SAN JOSE, Calif. (KGO) -- An honor guard stood at attention Wednesday as a flag-draped coffin was turned over to the California Department of Forestry. The pilot who died fighting a fire in Yosemite National Park, who went down doing what he loved, was identified Wednesday afternoon.
Geoffrey "Craig" Hunt was a veteran pilot, a husband, and a father. His family is in seclusion, absorbing the shock of his death. However, they did want us to know what a special man he was -- smart and caring. His daughter, Sarah Lauterbach, sat down in an exclusive interview you'll only see on ABC7 news.
Hunt was always at home in the cockpit of a plane. He flew air tankers as a contractor for CAL FIRE for over 13 years. Before that, he was a lieutenant commander in the navy, flying P3 submarine chasers out of Moffett Field.
But his daughter, says he was also interested in science and nature.
"He was just very smart," Lauterbach said. "All the way throughout my college, my entire childhood, at the dinner table he would each me about arachnids and hemoglobin and anything that had to do with science or birds or animals."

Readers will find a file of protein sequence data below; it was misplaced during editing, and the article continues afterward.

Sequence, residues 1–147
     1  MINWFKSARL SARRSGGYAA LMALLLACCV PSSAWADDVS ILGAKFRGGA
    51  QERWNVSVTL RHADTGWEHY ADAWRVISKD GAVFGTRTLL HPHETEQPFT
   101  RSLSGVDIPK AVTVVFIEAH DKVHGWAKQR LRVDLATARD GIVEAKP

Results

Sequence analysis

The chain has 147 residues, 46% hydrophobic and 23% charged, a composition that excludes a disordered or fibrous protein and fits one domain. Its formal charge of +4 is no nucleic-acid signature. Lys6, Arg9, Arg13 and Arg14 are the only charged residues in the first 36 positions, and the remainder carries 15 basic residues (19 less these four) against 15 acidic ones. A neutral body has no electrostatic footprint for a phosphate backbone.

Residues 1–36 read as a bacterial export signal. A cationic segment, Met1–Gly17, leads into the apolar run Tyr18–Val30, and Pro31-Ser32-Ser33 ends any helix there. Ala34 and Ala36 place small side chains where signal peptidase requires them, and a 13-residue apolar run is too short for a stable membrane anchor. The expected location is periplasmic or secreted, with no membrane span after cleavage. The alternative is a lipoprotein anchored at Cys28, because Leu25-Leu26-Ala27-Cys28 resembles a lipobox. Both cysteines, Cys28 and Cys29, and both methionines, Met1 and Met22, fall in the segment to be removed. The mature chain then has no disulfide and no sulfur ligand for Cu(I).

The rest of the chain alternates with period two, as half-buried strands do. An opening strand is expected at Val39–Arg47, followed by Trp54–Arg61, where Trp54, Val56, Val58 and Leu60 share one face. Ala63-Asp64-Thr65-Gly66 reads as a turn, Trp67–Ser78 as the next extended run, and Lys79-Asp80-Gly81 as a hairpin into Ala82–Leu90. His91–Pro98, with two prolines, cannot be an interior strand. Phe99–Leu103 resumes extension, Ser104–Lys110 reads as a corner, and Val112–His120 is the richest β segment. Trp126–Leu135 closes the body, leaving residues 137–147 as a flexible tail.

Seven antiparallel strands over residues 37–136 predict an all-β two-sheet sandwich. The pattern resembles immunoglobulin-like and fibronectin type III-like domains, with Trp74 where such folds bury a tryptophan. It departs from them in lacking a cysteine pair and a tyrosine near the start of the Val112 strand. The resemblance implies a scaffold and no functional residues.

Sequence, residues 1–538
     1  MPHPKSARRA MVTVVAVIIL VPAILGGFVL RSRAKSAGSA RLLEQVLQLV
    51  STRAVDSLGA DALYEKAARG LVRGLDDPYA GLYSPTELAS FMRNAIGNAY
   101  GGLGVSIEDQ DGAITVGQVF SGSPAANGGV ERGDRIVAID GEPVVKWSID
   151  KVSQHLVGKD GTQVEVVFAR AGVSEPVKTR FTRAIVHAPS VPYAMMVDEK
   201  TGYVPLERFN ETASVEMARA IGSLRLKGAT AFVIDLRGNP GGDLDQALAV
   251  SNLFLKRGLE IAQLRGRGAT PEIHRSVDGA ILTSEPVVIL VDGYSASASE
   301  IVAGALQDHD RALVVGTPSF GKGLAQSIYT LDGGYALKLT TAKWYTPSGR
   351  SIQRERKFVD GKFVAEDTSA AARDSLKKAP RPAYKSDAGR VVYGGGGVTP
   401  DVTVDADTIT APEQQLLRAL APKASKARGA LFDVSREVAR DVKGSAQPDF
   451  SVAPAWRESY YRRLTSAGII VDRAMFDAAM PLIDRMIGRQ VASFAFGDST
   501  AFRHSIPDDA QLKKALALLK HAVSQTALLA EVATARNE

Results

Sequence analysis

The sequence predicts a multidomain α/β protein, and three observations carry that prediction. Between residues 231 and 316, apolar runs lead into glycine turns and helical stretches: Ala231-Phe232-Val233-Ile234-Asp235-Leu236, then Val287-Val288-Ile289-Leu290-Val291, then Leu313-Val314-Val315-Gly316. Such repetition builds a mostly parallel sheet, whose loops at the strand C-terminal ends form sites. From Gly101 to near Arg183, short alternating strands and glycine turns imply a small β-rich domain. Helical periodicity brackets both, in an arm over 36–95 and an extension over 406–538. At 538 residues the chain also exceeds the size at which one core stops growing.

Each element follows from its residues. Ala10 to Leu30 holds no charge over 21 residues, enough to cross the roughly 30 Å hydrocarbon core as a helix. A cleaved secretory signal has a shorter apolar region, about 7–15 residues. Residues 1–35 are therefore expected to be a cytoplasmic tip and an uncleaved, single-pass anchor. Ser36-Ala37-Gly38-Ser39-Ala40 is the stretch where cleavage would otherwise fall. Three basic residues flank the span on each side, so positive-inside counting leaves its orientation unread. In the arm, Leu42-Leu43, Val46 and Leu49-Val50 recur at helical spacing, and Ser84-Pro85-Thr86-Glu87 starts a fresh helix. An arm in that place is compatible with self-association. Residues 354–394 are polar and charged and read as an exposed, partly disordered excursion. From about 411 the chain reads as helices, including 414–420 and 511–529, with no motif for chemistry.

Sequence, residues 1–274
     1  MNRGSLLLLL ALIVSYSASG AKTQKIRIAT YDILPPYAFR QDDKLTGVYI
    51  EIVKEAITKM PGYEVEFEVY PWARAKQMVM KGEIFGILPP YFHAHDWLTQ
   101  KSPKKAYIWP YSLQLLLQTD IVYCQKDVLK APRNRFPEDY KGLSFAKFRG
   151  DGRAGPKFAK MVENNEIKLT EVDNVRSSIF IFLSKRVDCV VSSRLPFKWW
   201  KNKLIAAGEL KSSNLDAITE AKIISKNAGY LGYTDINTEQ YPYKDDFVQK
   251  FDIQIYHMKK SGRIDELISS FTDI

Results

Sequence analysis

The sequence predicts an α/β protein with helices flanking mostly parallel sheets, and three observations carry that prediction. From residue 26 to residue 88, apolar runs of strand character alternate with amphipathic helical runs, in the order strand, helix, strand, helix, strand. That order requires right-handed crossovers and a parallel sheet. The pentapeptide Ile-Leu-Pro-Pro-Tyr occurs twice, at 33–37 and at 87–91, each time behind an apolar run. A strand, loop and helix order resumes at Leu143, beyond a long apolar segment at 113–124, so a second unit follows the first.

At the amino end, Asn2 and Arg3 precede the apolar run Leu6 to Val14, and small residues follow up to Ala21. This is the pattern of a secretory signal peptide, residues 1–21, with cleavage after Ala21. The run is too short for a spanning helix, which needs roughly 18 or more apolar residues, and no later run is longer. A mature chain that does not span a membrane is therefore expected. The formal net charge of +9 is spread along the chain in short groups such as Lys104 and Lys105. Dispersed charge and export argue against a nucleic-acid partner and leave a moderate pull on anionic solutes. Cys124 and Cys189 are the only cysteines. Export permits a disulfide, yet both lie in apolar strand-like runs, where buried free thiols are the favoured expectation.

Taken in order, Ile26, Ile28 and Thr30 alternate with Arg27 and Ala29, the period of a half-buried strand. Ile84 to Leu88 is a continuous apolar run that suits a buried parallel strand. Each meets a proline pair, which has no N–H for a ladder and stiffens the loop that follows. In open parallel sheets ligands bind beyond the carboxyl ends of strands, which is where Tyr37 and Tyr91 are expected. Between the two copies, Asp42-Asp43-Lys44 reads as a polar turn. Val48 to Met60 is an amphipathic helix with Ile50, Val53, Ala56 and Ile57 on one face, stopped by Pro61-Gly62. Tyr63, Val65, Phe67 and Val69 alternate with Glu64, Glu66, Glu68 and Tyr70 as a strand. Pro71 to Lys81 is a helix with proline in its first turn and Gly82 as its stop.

He also knew about wildland fires, responding to help with aerial attacks in places difficult for ground crews to reach.
"We continue to mourn the tragic loss of Craig," said Chief Ken Pimlott, CAL FIRE director. "We know wildland firefighting is an inherently dangerous job, but Craig made the ultimate sacrifice."
And when fire season was over, Hunt taught chemistry at UC Santa Cruz. Lauterbach says he thrived on helping young people.
"I know that he spent countless hours grading their papers and making sure that they were taught correctly," she said. "He took pride in that."
Hunt's daughter went on to say, "My fondest memory of my dad is in our living room he would sit under the light and read his organic chemistry and his quantum physics, and he's want to teach me, and I'd of course run away. But that was what he enjoyed -- learning."
Hunt also knew how to relax. He was passionate about fly fishing, hiking and scuba diving.
And there were family barbecues. Yet there was always time to help his golfing buddy and neighbor.
"He would drop anything in a heartbeat if you needed help or assistance," said neighbor Mike Marlatt. "I know the last thing he helped me with was install some closet doors upstairs."
Hunt recently celebrated his 39th anniversary with his wife, Sally. The couple met in college.
A father, a teacher, an outdoorsman, a pilot. Hunt was 62 years old.
"He was my best friend," Lauterbach. "He was always there for me, every day. Any time. He was always there for me."
In addition to his wife, Hunt is survived by two daughters, two brothers and a sister.